We took a break on some logs at the gap before heading up the Rattlesnake Mountain Trail (which was on the right as we arrived).
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The sometimes faint Rattlesnake Mountain Trail gained over 800′ in the next 1.2 miles as it climbed via a series of switchbacks, steeply at times to a large rock cairn. It had been a little smokier than the previous day but as we climbed we managed to get above the smoke.
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Along the way we passed an impressive rock outcropping.
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IMG_5775Near the upper end of the 1.2 mile section we entered a burn scar with views of Mt. Bailey, Mt. Thielsen and Crater Lake.

IMG_5777Mt. Thielsen

IMG_5779High points along the rim of Crater Lake above the smoke.

IMG_5781A bee photobomb with Mt. Bailey and Mt. Thielsen to it’s right.

IMG_5786Flagging in the burn scar.

IMG_5783Nuttall’s linanthus

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IMG_5792Golden-mantled ground squirrel.

IMG_5794The rock cairn.

The Rattlesnake Mountain Trail continued NE at a much smaller cairn at a switchback below the larger cairn. We missed this on the way up, it appears that it had not been maintained since the 2017 Rattlesnake Fire.
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From the large cairn we simply headed uphill through the meadow to a viewpoint on the west side of the mountain.
IMG_5798Nearing the summit.

The air was okay where we were, but the smoke was impacting the views. We were able to make out the top of Mt. McLoughlin beyond Fish Mountain.
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IMG_5802Mt. McLoughlin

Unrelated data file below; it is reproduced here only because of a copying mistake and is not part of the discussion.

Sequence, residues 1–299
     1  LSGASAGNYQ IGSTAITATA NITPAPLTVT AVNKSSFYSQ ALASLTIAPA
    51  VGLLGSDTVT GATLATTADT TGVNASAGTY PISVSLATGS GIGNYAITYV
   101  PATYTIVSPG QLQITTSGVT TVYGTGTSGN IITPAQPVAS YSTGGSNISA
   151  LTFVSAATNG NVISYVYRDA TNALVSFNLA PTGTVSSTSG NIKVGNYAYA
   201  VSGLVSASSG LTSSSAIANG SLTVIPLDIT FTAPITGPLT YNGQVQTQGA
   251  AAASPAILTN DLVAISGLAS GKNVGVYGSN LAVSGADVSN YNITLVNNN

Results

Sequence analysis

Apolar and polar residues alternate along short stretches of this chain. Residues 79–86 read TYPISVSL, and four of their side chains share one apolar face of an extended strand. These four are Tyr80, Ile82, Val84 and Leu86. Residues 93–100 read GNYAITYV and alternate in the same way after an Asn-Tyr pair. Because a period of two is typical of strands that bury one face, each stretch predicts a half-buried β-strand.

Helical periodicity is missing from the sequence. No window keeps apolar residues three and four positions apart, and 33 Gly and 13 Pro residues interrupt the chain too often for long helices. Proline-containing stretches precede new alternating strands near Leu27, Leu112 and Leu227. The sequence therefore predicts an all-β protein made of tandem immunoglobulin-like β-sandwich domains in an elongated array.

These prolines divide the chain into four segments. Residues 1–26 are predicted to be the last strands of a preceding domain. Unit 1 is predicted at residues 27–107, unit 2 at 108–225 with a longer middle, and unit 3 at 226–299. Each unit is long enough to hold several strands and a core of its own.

IMG_5804Hillman Peak and The Watchman at Crater Lake

We tried taking a break amid the trees near the summit but we wound up attracting a number of yellow jackets (and I don’t do yellow jackets) so we decided to instead stroll around the fairly level top of Rattlesnake Mountain where we located the old lookout site.
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IMG_5811Butterfly and bees.

We did a small loop around the forested top and dropped back down through the meadow to the cairn and returned to Windy Gap.
IMG_5824For some reason this cracked us up.

20200906_114812Heather spotted this cricket on my shoulder (I always have some sort of insect on me for some reason).

At the 4-way junction at Windy Gap we went straight following a sign for the “Tie Trail to Castle Creek Trail No. 1576”. (Not a trail name that just flows off the tongue.)
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Approximately .2 miles from Windy Gap we passed a sign for a faint unnamed trail leading uphill to the right.
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The next .2 miles were interesting as the trail grew faint and then disappeared in a meadow.